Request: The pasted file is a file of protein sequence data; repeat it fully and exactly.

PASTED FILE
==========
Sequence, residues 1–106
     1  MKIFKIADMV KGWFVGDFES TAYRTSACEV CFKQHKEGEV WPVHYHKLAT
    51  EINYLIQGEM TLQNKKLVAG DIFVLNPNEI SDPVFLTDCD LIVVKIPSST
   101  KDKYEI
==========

Sequence, residues 1–106
     1  MKIFKIADMV KGWFVGDFES TAYRTSACEV CFKQHKEGEV WPVHYHKLAT
    51  EINYLIQGEM TLQNKKLVAG DIFVLNPNEI SDPVFLTDCD LIVVKIPSST
   101  KDKYEI